When Everyone is Right, Who’s Wrong?

Recently a friend of mine who runs a retail business asked me to look over an email exchange that he had with one of his suppliers. My friend had produced a marketing campaign that the supplier felt was an attack on his products. My friend wanted me to analyze the interaction and tell him what was wrong with the supplier.

Gary M. Jordon, Ph.D.

Gary M. Jordon, Ph.D.

What was interesting is that when I read the correspondence it was clear that my friend and the supplier each had a different point of view and was defending it without acknowledging any validity to the viewpoint of the other. And each of them had a valid viewpoint.

So, who was right and who was wrong? The answer is both were right and both were wrong. Both were right about the point of view they were defending, but both were wrong that theirs was the only legitimate point of view.

Each of us perceives the world differently, because of differing perceptual styles, and also because of differing circumstances, goals, aspirations, ages, lifestyles, etc.

Differing perception creates different realities, each of which represents only part of the whole picture. Since we only have access to what we perceive, we tend to defend our perception as the “truth”. The way we see it is “right” and the way others see it is “wrong”.

It is from this defense of our portion of the picture and our inability to “see” what others see that miscommunication and conflict arise. Effective leaders are aware of this inability within themselves and others and work to understand and integrate different viewpoints before taking action.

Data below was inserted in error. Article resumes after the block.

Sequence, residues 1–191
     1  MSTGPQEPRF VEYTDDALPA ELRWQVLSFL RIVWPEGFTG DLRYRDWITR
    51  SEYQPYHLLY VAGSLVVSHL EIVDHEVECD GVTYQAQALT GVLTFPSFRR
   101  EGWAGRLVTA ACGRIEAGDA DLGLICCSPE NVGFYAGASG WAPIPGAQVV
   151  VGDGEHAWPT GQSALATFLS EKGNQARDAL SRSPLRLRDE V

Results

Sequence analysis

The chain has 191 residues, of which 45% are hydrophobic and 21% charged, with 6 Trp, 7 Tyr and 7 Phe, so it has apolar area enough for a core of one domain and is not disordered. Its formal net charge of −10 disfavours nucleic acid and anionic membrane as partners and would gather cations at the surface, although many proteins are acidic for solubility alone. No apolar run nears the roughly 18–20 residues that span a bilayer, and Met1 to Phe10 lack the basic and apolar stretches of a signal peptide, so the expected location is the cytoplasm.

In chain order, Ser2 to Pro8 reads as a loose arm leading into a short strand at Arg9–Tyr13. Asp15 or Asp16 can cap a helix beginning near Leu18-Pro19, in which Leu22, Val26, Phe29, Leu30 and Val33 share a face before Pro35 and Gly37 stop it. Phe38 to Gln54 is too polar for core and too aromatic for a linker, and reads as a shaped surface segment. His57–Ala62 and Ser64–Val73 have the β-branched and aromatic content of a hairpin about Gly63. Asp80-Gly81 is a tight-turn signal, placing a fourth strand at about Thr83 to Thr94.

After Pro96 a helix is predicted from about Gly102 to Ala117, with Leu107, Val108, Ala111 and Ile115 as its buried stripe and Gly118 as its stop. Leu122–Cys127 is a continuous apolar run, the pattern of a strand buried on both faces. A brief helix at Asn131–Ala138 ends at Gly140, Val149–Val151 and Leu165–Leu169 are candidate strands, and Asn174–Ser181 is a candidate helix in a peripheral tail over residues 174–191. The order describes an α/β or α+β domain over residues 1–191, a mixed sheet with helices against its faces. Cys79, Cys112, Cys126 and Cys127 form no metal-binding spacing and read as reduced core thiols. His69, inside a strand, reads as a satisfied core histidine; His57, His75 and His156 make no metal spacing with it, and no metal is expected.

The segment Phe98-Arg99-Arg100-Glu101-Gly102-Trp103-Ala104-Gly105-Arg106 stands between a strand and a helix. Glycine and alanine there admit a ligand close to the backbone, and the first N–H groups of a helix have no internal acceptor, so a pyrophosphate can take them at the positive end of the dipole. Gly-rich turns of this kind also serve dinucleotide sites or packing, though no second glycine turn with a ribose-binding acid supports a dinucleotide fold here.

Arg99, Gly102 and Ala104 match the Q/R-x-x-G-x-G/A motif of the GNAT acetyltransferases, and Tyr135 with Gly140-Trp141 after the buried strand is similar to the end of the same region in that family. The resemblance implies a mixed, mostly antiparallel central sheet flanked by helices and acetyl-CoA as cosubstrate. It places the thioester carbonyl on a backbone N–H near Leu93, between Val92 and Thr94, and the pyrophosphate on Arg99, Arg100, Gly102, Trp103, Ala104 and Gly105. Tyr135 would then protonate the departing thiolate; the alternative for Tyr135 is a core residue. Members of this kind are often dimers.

Attempts to explain your view to someone else so that they will see the “correct” view rarely, if ever, leads to positive outcomes. Accepting that different views represent different aspects of the truth and all contribute to a complete understanding is the way out of such unsolvable conflicts.

Think back to a recent disagreement you had.

  • Who were they with, and do you often have disagreements with that person?
  • As you think back, what are the major points of disagreement?
  • Now that you are out of the heat of the moment, can you find validity in the way that other person says things?
  • Can you see how they might not have been able to understand your point of view?

Stretching your understanding of different points of view is key to improving communication and limiting conflict with others, and a critical aspect of leadership.

To find out more about the services we have available to help you find the success you want and deserve go to www.YourTalentAdvantage.com.

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This entry was posted in Communication, Conflict, Perception, Perceptual Style and tagged , , , , . Bookmark the permalink.

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